January 16, 2006
Cosmic Jet Looks Like Giant Tornado in Space
Washington, DC -- While examining a region where new stars are forming with NASA's Spitzer Space Telescope, astronomers found a surprise - an object that looks like a giant tornado in space.
The apparent tornado is shaped by a cosmic jet packing a powerful punch as it plows through clouds of interstellar gas and dust. They released an image of the "tornado" today at the 207th meeting of the American Astronomical Society in Washington, DC.
The "tornado" is actually a shock front created by a jet of material flowing downward through the field of view. A still-forming star located off the upper edge of the image generates this outflow. The jet slams into neighboring dust clouds at a speed of more than 100 miles per second, heating the dust to incandescence and causing it to glow with infrared light detectable by Spitzer. The triangular shape results from the wake created by the jet's motion, similar to the wake behind a speeding boat.
The outflow that powers the "tornado," designated Herbig-Haro 49/50, had been observed before, most recently using a ground-based telescope at the Cerro Tololo Inter-American Observatory. Intrigued by the shock emission spotted at Cerro Tololo, astronomers then targeted Spitzer onto the region and were thrilled to see a spectacular spiral structure emerge.
"The helical morphology of the `tornado' makes it unique," said astronomer John Bally (University of Colorado), lead author on the research.
The scientists could only speculate about the source of the spiral appearance. Magnetic fields throughout the region might have shaped the object. Alternatively, the shock might have developed instabilities as it plowed into surrounding material, creating eddies that give the "tornado" its distinctive appearance.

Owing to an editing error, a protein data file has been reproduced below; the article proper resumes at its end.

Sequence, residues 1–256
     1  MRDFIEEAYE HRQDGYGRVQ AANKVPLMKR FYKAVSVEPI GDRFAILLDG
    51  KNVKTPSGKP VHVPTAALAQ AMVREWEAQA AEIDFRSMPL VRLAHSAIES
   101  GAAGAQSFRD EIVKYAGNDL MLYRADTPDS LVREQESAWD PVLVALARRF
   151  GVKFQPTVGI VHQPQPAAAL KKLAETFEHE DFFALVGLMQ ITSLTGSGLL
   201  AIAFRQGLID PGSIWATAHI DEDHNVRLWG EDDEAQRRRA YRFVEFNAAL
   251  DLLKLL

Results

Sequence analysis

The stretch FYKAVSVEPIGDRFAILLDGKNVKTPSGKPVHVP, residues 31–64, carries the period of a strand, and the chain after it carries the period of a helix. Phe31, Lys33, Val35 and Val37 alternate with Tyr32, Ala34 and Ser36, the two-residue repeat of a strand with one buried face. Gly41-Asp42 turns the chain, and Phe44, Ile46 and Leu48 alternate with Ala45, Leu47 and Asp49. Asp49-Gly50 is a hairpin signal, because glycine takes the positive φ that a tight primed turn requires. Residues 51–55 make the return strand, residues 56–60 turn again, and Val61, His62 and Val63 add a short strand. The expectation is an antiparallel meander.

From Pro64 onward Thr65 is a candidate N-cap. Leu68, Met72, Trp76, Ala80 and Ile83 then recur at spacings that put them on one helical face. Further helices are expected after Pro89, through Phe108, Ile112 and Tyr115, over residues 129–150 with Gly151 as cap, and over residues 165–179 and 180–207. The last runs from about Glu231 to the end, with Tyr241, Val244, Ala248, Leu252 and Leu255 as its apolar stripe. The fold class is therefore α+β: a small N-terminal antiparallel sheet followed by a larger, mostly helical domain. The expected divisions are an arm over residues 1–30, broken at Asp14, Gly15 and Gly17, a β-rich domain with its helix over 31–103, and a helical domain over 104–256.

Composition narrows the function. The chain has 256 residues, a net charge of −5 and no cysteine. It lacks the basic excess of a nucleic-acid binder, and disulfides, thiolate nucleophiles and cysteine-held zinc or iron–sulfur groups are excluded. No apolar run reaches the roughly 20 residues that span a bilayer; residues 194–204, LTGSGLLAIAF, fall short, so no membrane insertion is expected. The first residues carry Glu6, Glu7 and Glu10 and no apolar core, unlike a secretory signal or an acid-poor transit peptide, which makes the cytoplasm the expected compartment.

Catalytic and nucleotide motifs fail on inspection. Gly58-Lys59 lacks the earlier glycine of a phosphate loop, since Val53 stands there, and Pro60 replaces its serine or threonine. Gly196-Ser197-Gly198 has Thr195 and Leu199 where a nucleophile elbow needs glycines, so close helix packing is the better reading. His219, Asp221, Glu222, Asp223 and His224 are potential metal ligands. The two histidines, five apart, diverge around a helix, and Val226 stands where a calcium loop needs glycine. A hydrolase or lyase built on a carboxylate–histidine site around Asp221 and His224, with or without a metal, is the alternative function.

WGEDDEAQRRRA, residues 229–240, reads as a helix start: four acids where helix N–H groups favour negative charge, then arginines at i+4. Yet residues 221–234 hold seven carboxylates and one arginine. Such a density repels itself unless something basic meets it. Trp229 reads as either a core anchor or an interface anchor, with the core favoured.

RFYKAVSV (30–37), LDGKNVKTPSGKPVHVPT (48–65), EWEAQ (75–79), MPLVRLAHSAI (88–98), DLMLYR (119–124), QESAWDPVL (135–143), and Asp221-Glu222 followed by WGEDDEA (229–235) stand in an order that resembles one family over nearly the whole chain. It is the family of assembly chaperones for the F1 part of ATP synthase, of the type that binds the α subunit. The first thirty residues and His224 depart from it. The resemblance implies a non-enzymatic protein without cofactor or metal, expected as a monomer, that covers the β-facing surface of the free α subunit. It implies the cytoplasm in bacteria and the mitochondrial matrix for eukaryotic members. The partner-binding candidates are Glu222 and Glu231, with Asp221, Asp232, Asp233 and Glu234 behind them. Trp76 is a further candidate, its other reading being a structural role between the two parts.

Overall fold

Most striking about the color-coded infrared image is the color gradient from one end of the "tornado" to the other. The astronomers believe that the blue color at the tornado's tip results from high molecular excitation at the head of the shock. Those high excitation levels generate more short-wavelength emission, shown as blue in this color-coded image. Molecular excitation levels decrease away from the head of the bow shock; therefore the emission is at longer wavelengths, colored red here.
The star at the tip of the "tornado," which appears to be surrounded by a faint halo, might be a chance superposition along our line of sight. However, the star instead might be physically associated with the "tornado." In that case, the halo likely is due to the outflow running into circumstellar material.
HH 49/50 is located in the Chamaeleon I star-forming complex, a region containing more than 100 young stars. Most of the new stars are smaller than the sun, although some are more massive. Visible-light observations have found a number of outflows in the region, however most of those outflows have no infrared counterpart.
"To really nail our understanding of the 'tornado,' we need to conduct infrared spectroscopy at moderately high resolution," said Bally. "More observations should help us to unravel its mysterious nature."
JPL manages the Spitzer mission for NASA's Science Mission Directorate. Science operations are conducted at the Spitzer Science Center at the California Institute of Technology in Pasadena. NASA's Goddard Space Flight Center built Spitzer's Infrared Array Camera, which took this image. The instrument's principal investigator is Giovanni Fazio of CfA.
Headquartered in Cambridge, Mass., the Harvard-Smithsonian Center for Astrophysics (CfA) is a joint collaboration between the Smithsonian Astrophysical Observatory and the Harvard College Observatory. CfA scientists, organized into six research divisions, study the origin, evolution and ultimate fate of the universe.